My Top Picks for Sessions at VMworld 2021

VMworld is virtual for the second straight year. The event is October 5-7 and will have content around the clock to accommodate various time zones. There are two types of passes available; the general pass is free and the Tech+ Pass has a charge. Some of the sessions are only available with the Tech+ Pass. The content catalog has been released so it’s nice to get an idea of what’s happening to plan ahead. I like to focus mostly on sessions that will help me add value to the work I do today. Some sessions will be pre-recorded and some will be live via Zoom. As always, there’s a lot of sessions to choose from. I went through them all and below are my top picks.

Deep Dive: VM Performance and Best Practices [VI2158]$
Extreme Performance Series: Performance Best Practices [MCL1635]
Extreme Performance Series: vSphere Advanced Performance Boot Camp [MCL2033]$
It’s good to see sessions based on the fundamentals of vSphere and then taking those fundamentals to the next level. All three sessions sound similar and rated at the highest technical level. Both extreme performance sessions are hosted by Mark Achtemichuk and Valentin Bondzio, and one of them is free. Mark is a VCDX, and whenever a VCDX speaks, I pay attention. These sessions should deliver useful information for all VMware admins. Mark and Valentin both work for VMware so I am sure they have seen a million different problems and can help people better troubleshoot when they face these problems.

Core Storage Best Practices Deep Dive [MCL2071]$
VMware vSAN – Dynamic Volumes for Traditional and Modern Applications [MCL1084]
VMware Storage Queue Tuning [VMTN2862]
The first session I listed above will be hosted by Cody Hosterman and Jason Massae. I have watched Cody present before at a local VMUG and other events, and he always delivers. He works for Pure, but don’t let that fool you into thinking he’s there to only promote his product. He always gets to the crux of storage that applies to nearly everyone. Duncan Epping, VCDX, and Cormac Hogan are presenting the vSAN session. They will be discussing the newer vSAN File Service and more cutting edge integration with vSphere Container Storage Interface. I am very interested in what storage tips all of these rock stars will give that I can apply at my job.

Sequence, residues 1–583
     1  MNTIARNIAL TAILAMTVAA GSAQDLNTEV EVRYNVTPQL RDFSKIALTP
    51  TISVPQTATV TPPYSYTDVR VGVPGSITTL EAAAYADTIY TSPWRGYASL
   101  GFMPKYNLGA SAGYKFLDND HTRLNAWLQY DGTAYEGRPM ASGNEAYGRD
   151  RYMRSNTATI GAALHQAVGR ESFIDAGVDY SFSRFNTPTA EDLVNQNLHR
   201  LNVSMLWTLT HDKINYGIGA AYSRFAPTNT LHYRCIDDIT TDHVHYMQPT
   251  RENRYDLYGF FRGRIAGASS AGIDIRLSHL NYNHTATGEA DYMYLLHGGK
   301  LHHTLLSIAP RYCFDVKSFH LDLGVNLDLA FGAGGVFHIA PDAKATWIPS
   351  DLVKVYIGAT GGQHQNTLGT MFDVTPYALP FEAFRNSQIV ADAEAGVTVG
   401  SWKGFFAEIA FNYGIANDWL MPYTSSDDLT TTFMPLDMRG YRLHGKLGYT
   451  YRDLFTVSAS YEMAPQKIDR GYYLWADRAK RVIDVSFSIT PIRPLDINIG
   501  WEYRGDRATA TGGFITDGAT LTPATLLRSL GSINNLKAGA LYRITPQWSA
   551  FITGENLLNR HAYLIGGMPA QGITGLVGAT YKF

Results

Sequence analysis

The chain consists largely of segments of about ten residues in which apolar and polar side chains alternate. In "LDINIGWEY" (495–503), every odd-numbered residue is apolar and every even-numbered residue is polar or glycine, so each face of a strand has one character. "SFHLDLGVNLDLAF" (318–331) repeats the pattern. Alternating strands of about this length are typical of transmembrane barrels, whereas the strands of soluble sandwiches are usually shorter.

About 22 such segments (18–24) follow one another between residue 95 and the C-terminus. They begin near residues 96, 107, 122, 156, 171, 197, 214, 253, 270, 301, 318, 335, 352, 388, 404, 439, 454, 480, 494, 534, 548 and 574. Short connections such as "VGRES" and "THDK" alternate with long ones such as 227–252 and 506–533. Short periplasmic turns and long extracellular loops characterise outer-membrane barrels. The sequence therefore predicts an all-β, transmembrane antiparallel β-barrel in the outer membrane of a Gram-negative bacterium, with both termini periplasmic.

The Clock is Ticking on NSX Data Center for vSphere [EDG2721]$
NSX Data Center for vSphere to NST-T Data Center – Migration Approaches [NET1211]
NSX Data Center for vSphere to NSX-T: Strategies to Make the Move [EDG1515]
NSX-V reaches end of support on January 16th, 2022 and that’s the basis of these panels. Jayson Block, VCDX, is hosting the third session linked above. If you are still using NSX-V, you have to attend at least one of these sessions. All three sessions will give good advice on developing a migration plan. Hopefully, this will help to jumpstart your planning and migrating to NSX-T before support ends.

A Field Guide to Health Check vSAN to Operate, Upgrade and Transform [MCL1825]$
A technical Review of PSC. VMDIR, Replication and Snapshots [VI2447]$
Troubleshooting with vRealize Operations and vRealize Log Insight [MCL1286]$
All three of these sessions are in the meet the expert category and will give deep dives in their respective areas. Paul McSharry, VCDX, is presenting the vSAN session. This session looks valuable for anyone using vSAN to hear from an architect that has many deployments under their belt. The PSC has come a long way, but I still feel I don’t know everything I need to know about it. I always come across some sort of problem that support needs to help with. The PSC session looks to give the deeper understanding that I have been looking for. A lot of companies have vROps and vRLI deployed, but I rarely see anyone use the two products to their full potential. Using one or both of these products together is very useful for troubleshooting. I am looking forward to fine tuning my troubleshooting skills with this session.

Solid sessions make a virtual event and VMworld delivers again. I rather it be in person. However, it being virtual has some benefits, such as there’s a free option and more accessible to a wider audience. I will be again missing out on collecting a suitcase full of swag, but there will be giveaways from VMware and vendors, even during a virtual event. I won an official VMworld backpack last year!

VMware’s Cloud Strategy Finally Shaping Up

VMware has dominated on-premise virtualization for years, but has struggled in the cloud. Everyone knew vCloud Air was way behind AWS and Azure. I barely heard much about vCloud Air lately and not even a mention at the recent VMUG I attend.

First let me go over a couple sell offs in the past year. VMware sold its vCloud government service on August 31 to QTS. Then this month OVH announced it would like to buy vCloud air. Bye bye vCloud Air!

VMware has pivoted, which I think they have a better chance of being successful. That is with leveraging NSX in the cloud  and piggybacking off of already large, established cloud providers. They made the announcement during VMware world last year about their partnership with Amazon. Seemed like a rushed announcement since they didn’t have anything to show for a while. However, more technical information has been shared this year. Also, VMware has already been working with IBM Cloud and I heard plans for them to do the same with Azure.

I’m very interested in seeing how VMware will do with offering cross cloud architecture. Perhaps the cloud will not be siloed between vendors in the future. Check out The Fluffy Admin’s article on VMware Cloud on AWS for more information.